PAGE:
Thursday, February 22, 2007


Things I'm thinking about, that don't deserve their own entries, and don't really have much point.

I haven't heard all of Fergie Ferg's new album, The Duchess, but I'm curious; does she (or someone else) spell out a word on every single track? It's like an episode of Sesame Street.

Also, when did she become Fergie Ferg?


If you are starting a brand new massage parlor, or rather 'massage' parlor, I don't really think you should call the first event a "Grand Opening". I'm just sayin'.


I went to a cold reading workshop with a very nice casting director on Tuesday. Lots of useful information, and reaffirmation of old useful information. She made no bones about the fact that 'typing' is a central part of the process, ie. the people you're auditioning for have made decisions about you based on your look and energy from the minute you walk in the door. She recommended that you not waste a lot of time trying to figure out what your type is, but she also said that having a general sense of how you're perceived is a good idea. The gauge she recommends highest is looking at how you've been cast in the past. This seems reasonable, but still manages to frustrate me a bit. I look at my resume; let's see, I've been a dog, a wolf, a ten year old boy, the ghost of a seven year old boy, a several different dinosaurs, assorted insects, three different demons, the Archangel Michael, two rent boys and a femme fatale. Just to name a few. So, what does that tell me?

Then she handed out scenes to each of us in the workshop, implicitly letting us know how she was typing us. I got the role of Marc from "Ugly Betty", the flaming queen assistant to Wilhemina.

Oh, right. That.

Okay there wasn't really anything in the scene that immediately told us he was gay, I only knew he was being portrayed that way because I'd seen the show, so I wondered if I should avoid making that choice, since it seemed like I would just be playing the choices of the actor who got the role. I went later in the session (just luck of the draw) so I watched her tell person after person to avoid 'theatrical' choices, drive the scene, really connect with the scene partner, etc. So, my time comes, I say my lines, I connect with my reader, I keep things understated, there is no flaming of any kind.

Uh uh. That was not what she was looking for here. "Have more fun with the language, this isn't a realistic character, he hates Wilhemina, but wants to be her. Play him gayer."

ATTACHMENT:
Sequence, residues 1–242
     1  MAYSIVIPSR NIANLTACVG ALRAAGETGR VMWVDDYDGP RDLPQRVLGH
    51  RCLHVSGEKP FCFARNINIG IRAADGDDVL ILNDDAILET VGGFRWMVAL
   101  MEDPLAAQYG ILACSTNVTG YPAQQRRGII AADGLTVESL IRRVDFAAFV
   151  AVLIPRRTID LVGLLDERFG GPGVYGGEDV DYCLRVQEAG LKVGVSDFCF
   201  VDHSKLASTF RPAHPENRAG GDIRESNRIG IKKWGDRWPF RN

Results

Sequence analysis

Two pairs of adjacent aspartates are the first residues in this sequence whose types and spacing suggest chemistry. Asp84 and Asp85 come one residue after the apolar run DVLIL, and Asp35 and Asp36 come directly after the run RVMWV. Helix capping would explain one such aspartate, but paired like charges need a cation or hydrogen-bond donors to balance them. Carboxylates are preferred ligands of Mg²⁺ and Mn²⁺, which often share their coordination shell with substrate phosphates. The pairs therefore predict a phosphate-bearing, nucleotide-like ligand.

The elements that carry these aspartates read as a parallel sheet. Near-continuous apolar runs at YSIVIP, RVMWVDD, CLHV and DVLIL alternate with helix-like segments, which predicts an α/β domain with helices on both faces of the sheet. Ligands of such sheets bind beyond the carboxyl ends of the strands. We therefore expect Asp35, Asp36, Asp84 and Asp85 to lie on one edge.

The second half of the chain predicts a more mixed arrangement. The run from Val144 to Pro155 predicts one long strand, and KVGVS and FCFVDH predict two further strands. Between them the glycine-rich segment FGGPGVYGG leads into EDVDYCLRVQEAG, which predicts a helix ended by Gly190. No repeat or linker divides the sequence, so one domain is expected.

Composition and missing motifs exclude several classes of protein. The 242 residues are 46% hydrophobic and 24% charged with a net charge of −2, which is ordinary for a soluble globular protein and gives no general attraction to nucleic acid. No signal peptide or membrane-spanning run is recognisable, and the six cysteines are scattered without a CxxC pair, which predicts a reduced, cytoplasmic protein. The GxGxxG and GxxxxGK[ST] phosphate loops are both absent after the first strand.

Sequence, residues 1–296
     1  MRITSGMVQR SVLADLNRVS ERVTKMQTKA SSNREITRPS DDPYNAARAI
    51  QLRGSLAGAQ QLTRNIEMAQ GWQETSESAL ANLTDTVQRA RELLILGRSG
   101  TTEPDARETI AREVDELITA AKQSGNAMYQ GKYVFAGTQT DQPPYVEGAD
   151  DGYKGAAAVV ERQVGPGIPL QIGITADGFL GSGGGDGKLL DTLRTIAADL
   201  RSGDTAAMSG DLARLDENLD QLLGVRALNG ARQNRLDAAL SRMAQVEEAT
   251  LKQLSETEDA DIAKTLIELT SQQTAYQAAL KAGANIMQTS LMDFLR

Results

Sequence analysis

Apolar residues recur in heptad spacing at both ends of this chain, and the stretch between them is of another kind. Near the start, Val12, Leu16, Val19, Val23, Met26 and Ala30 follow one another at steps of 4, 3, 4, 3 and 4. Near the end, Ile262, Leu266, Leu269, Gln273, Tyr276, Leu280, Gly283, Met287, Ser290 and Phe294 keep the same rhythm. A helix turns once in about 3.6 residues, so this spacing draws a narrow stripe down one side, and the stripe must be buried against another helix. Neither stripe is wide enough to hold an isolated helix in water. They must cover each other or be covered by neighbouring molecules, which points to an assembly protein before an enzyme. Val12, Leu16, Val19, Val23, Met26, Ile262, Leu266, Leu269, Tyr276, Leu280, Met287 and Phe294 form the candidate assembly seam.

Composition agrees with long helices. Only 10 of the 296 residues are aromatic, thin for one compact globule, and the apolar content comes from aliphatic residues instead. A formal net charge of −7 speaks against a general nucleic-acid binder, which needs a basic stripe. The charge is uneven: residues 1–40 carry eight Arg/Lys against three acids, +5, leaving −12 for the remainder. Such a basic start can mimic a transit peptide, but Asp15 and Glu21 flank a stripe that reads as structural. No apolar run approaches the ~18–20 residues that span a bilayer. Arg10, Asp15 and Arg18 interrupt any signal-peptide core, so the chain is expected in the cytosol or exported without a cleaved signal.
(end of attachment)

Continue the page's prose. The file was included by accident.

All Righty.

I flitted, I flounced, I minced my ass off. My voice swept from highs to lows on virtually every line.

She liked it.
No one else was given this scene. Only one other gay role was handed out at all. Maybe I should take note of the fact that she gave that part (also written to be rather bitchy) to a large, muscular, dignified, older black man.

I'm still mulling over what I think of all this. What I think of this role in particular. And how I feel about being typed as a flaming queen before I've even opened my mouth. Whether that's the message I should be taking away from this, and if so, is that a problem? I guess if it gets me work, and doesn't play too strongly on stereotypes, then I can handle it. I think. It did make me uncomfortable. Still does. It still feels a bit like I was boxed in, given a 'type' that most people (me included, apparently) consider quite limiting. I can't decide if that's her problem, my problem, or not a problem at all.
Time to find those gay roles that don't feel like compromises.


Unknown said...

hi sweet patrick -
I love the randomness of this entry...and the picture-
wanted you to know I moved my blog just a bit - to

Moheggie said...

Patrick, this photo RULES more than Genghis Khan. In fact I think it's listed as one of the subentries in the dictionary under the word 'Awesomer Than You.'

What? You trying to argue that 'Awesomer Than You' isn't in fact an entry in the dictionary? Listen, I go to Liberry Skool. I know what I'm talking about.

Patrick said...

Thanks for the kudos on the picture, my dears. Would it come as a surprise to you that I was high as a kite when this picture was taken? All that cloth is silk. Yup, it felt as good as it looked. Or, well, it felt really good, anyway.

Jeff said...

Hey P. Yes, it seems to me the challenge really does lie in finding the well-written, thoughtful role. Especially when it comes to television. I continually have to face the fact that television types. Type type type. All they know is type. It's like a typographer's convention, the television is. So we'll make our fortunes and run to the next circus show, oui?